General Question

SeventhSense's avatar

What do you think of the Burmese Pythons that are expanding in South Florida?

Asked by SeventhSense (18899points) March 18th, 2009

On Tonight’s episode of the Daily Show there was a joke about pythons in South Florida but they are in fact an invasive species that have established themselves in the state. As a snake lover, I have always had a fondness for this snake being that I had one as a pet. His name was Monty :). They have a much nicer disposition than the Reticulated pythons (which can get larger and are the disputed longest snakes in the world.) The Burmese is a very adaptable snake and can grow to sizes over 20 feet.
Lucky the 20 ft. Adult Burmese Python
Burmese Pythons Invade Florida
Possible range in USA
ALLIGATOR INDIGESTION

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19 Answers

A_Beaverhausen's avatar

proof!

damn global warming.RECYCLE!
and Florida- stop flushing your pythons!

SeventhSense's avatar

@A Beaverhausen
Thanks for the answer

Well I would have to say that the climate has always supported the capacity for a population of these snakes, so I don’t think climate is a factor in their initial establishment but it may in fact be a factor in their ability to migrate further north.
NOTICE TO All-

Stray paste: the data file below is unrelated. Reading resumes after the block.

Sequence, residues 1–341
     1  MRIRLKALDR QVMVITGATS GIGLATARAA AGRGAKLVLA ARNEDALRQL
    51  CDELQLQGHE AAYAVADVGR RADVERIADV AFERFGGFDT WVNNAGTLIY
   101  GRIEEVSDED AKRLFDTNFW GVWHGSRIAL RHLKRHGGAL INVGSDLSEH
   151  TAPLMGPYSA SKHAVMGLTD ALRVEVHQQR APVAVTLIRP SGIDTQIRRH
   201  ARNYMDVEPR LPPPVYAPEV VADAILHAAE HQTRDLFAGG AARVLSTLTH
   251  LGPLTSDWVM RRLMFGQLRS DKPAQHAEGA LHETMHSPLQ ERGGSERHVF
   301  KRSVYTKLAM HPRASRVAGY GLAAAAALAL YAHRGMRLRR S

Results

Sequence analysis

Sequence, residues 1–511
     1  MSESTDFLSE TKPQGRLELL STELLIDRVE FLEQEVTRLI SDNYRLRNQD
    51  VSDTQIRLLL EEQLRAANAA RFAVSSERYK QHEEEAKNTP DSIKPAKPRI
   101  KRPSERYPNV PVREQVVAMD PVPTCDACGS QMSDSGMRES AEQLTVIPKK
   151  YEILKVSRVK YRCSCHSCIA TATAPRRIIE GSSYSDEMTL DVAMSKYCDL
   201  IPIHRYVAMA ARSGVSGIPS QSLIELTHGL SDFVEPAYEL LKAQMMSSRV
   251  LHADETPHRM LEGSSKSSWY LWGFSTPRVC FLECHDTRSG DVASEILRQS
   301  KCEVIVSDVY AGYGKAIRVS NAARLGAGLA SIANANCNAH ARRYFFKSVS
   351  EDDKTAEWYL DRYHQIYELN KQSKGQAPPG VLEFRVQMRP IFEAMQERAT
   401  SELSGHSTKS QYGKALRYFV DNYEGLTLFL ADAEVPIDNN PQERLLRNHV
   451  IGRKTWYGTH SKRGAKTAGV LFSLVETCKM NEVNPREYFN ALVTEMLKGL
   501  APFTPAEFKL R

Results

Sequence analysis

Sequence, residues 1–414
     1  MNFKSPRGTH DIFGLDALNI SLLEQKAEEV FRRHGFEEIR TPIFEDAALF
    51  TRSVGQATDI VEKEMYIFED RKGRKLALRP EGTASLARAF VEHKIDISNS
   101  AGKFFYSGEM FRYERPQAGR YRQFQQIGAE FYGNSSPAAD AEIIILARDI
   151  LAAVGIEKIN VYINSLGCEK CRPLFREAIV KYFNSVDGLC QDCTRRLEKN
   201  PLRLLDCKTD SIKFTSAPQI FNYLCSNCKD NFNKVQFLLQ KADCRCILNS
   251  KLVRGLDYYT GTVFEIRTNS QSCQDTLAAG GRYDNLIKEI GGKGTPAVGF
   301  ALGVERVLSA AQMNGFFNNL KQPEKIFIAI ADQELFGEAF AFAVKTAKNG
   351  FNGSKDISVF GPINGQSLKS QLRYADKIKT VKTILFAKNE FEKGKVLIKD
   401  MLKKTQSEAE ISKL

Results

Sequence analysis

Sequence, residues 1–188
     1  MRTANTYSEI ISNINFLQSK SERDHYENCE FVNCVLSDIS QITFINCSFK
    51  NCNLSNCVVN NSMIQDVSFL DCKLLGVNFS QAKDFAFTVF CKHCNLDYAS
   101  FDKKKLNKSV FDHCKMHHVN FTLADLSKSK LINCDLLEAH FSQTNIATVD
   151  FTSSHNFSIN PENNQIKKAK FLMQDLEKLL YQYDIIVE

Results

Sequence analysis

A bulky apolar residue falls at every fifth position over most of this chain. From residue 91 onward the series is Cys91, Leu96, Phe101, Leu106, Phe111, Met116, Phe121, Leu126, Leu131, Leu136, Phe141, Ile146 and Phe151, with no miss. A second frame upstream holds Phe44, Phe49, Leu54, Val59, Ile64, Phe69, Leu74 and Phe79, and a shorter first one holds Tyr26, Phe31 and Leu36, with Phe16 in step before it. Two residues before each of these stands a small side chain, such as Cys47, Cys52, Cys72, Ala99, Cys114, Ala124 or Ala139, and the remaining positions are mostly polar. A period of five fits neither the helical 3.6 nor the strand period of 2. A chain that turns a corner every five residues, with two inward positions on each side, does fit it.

I’m Hitting the sack but I will return tomorrow afternoon- probably 2–3 EST. Peace.

ninjacolin's avatar

“an invasive species” ?!

so silly. animals go where they want and they’re suppose to.
things are not supposed to stay the same the are supposed to change.
ugh.. humans have slowed down genetic progress on this earth a million times over.

evelyns_pet_zebra's avatar

I like snakes and I think there should be more snakes everywhere. Snakes good, people bad.

asmonet's avatar

I’m just glad I don’t live there anymore.
This, and the very high amount of sex offender cases.

marinelife's avatar

@ninjacolin That’s not what’s happened. Human have brought animals to place they did not exist naturally and let them go.

HOW DID THEY GET HERE?

Typically, an invasive species is a creature that has been introduced by humans to a new location where it does not occur naturally. These invasive species become capable of establishing a breeding population without the help of humans and can spread throughout the new region. In Florida’s case many of the established invasive species arrived as a result of the pet or shipping trade. Some have even been deliberately introduced into the environment to help control pests on farms. Others have been released into the wild by owners who no longer want them.”

The pythons can just join the party. Down here in Florida we have:

Monitor Lizards

“Leaping lizards! Dangerous reptiles advance

The Sarasota Herald-Tribune reports that Nile monitor lizards, nasty, 6-foot-long, predatory reptiles brought to natural areas by the pet trade, are advancing far beyond previous projections.

The lizards were confined to a relatively small area on the outskirts of Fort Myers a couple of years ago, but now it appears they have been spotted as far away as northern Sarasota County.”

”“A large lizard capable of eating small pets and injuring children spotted in a Central Florida neighborhood tree remains on the loose, keeping homeowners on edge.””:http://www.freerepublic.com/focus/f-chat/1908874/posts